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Modest proposals: Sexual harassment and the 2016 election

Jonathan Swift, Anglo-Irish satirist, Dean of St. Patrick’s Cathedral in Dublin, and author of “Gulliver’s Travels,” published “A Modest Proposal” in 1729. Swift’s tongue-in-cheek essay encouraged the impoverished, starving Irish to sell their prodigious supply of children to the wealthy to eat. His essay included tips on how to best prepare and serve the uniquely Irish dish. Swift’s satire was intended as criticism of the ruling parties for failing their desperate citizens.  

I have similar modest proposals, though not involving cannibalism.  

First, we should adopt the MAD Protocol to deal with rampant sexual harassment in Washington and Hollywood. Not the Mutually Assured Destruction doctrine that led to the massive arms race with Russia during the cold war, but the Men Are Dogs rules of conduct.

The groping, touching, and unwanted sexual advances are manifestations of something we all know is true: men are dogs when it comes to sex and should be treated as such with shock collars and Tasers.

Forcible rape, statutory rape, and other serious sex crimes must be prosecuted. Civil suits may be appropriate, too. But for the Al Franken-type of harassment, electric shocks, delivered immediately with force, are more effective. Known offenders would be required to wear shock collars and women around them armed with activation devices.

Civil and criminal prosecutions of Judge Roy Bean Moore in Alabama are barred by statutes of limitation. If the allegations are true, his victims should be allowed to shock the hell out of him for a reasonable period of time. Leeann Tweeden says she has forgiven Al Franken, but I say let’s give her and his other victims a Taser and thirty minutes with comedian Al, who might not think 50,000 volts are so funny.

Second, let’s declare a truce and grant amnesty to everyone involved in the 2016 elections. Dismiss the Manafort, Gates, and Papadopoulas indictments. Let General Flynn off the hook. Shut down Mueller’s special counsel investigation.

In exchange, the Clintons get a pass for destroying 33,000 emails; paying $12 million to Fusion GPS to create the fictional dossier on Big D and Russia; selling 20% of U.S. uranium ore deposits to Russia in exchange for $500,000 to Bill and $145 million to the Clinton Crime Foundation. The Clintons also get amnesty for the scores of felonies they’ve committed in their lengthy criminal careers, including crimes known and unknown.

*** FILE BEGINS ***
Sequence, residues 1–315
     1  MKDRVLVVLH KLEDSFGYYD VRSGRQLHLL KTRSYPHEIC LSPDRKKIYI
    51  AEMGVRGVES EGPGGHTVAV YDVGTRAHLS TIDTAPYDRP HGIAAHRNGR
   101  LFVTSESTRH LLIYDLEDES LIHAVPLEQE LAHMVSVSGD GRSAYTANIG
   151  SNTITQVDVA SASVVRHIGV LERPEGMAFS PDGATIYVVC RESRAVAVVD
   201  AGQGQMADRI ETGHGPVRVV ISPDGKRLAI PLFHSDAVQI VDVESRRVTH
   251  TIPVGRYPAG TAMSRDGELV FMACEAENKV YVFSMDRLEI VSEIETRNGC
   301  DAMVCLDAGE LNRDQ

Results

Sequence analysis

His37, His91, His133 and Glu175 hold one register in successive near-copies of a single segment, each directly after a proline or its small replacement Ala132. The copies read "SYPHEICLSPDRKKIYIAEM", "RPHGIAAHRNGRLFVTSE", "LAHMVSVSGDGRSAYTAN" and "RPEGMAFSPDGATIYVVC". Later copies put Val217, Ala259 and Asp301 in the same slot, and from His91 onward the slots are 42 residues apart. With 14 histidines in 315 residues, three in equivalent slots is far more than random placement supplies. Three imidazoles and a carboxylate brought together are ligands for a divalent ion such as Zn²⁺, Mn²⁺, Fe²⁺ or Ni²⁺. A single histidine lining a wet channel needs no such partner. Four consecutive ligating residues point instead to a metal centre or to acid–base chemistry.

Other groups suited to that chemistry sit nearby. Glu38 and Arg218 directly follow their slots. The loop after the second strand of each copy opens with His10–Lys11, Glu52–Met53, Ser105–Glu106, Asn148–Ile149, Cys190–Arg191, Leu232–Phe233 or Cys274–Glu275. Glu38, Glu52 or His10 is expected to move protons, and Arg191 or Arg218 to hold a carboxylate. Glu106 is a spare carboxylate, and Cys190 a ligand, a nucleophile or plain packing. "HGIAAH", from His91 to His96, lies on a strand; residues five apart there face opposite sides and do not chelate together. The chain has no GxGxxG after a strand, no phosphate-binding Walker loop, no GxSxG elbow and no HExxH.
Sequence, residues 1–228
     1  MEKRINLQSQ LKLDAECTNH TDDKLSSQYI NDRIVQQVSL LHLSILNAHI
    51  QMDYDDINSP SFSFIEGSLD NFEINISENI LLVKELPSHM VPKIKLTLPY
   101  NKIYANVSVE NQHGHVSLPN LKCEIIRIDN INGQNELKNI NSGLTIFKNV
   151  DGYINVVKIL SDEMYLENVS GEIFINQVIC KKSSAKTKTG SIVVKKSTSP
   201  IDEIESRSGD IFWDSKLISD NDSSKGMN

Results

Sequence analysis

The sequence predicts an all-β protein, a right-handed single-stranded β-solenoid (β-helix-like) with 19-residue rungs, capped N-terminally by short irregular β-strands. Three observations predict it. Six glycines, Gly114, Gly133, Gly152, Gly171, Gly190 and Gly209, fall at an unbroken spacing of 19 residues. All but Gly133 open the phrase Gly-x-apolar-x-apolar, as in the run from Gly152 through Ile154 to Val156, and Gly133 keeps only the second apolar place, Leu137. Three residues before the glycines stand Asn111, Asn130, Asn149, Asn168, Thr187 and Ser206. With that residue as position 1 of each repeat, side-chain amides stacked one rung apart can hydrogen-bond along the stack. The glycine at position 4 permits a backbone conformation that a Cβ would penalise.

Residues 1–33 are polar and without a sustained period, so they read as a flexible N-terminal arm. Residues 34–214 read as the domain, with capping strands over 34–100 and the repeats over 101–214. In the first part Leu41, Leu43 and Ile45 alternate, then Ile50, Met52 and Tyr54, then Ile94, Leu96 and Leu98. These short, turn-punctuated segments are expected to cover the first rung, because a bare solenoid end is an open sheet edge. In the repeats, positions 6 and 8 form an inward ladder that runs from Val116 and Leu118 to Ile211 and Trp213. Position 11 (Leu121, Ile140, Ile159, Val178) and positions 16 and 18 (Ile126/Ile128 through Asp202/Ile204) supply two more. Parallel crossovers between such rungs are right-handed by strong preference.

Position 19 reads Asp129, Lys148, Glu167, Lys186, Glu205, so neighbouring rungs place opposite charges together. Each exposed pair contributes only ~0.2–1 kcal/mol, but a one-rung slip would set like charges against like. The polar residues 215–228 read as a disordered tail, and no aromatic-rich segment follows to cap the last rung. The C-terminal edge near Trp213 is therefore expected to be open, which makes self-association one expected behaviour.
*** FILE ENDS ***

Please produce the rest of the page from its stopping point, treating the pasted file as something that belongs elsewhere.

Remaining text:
As a condition for maintaining their freedom, the Clintons must use the estimated $2 billion they raised in their Foundation and in the Clinton Global Payola Syndicate to buy back for the U.S. the 20% of U.S. uranium ore deposits they sold to Uranium One.

Additionally, Democrats and the media have to admit Big D won the election; Hillary must cease and desist her decade-long book tour; Maxine Waters has to submit to a permanent gag order; and former FBI chief James Comey must be deported to The Netherlands, home of the world’s tallest men.

Robert Mueller and former Attorney General Loretta Lynch will not be investigated for their major roles in the cover up and derailing of the investigation into the bribes and payoffs made to complete the Uranium One deal.

This will clear the way for Big D and Congress to work on the U.S. economy, tax reform, health care reform, trade deals, North Korea’s threat, banning obese people from nude beaches, and other things that matter to people outside the Beltway.

I know a general amnesty will not satisfy zealots at each end of the political spectrum. But let’s face it. Bill and Hillary will never be convicted by a jury chosen in D.C., which will consist primarily of African-American Democrats, 98 percent of whom voted for the Clintons.

Jurors chosen to serve in major criminal trials now enter the jury deliberation room infected with the vicious political and racial animus that plague our nation. Jurors’ prejudices have become more important than the facts or the evidence in highly-publicized cases.

But discussion of this third modest proposal, jury system reform, must wait for another day. 

Michael Henry
Michael Henry Contributor

Columnist Michael Henry graduated from Tulane University and University of Virginia Law School. He practiced civil and criminal law in Louisiana, was an elected District Attorney, and was an investment advisor in Natchez, Mississippi. He has published nine novels and now resides and writes in Oxford.

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Michael Henry
Michael Henry Contributor

Columnist Michael Henry graduated from Tulane University and University of Virginia Law School. He practiced civil and criminal law in Louisiana, was an elected District Attorney, and was an investment advisor in Natchez, Mississippi. He has published nine novels and now resides and writes in Oxford.

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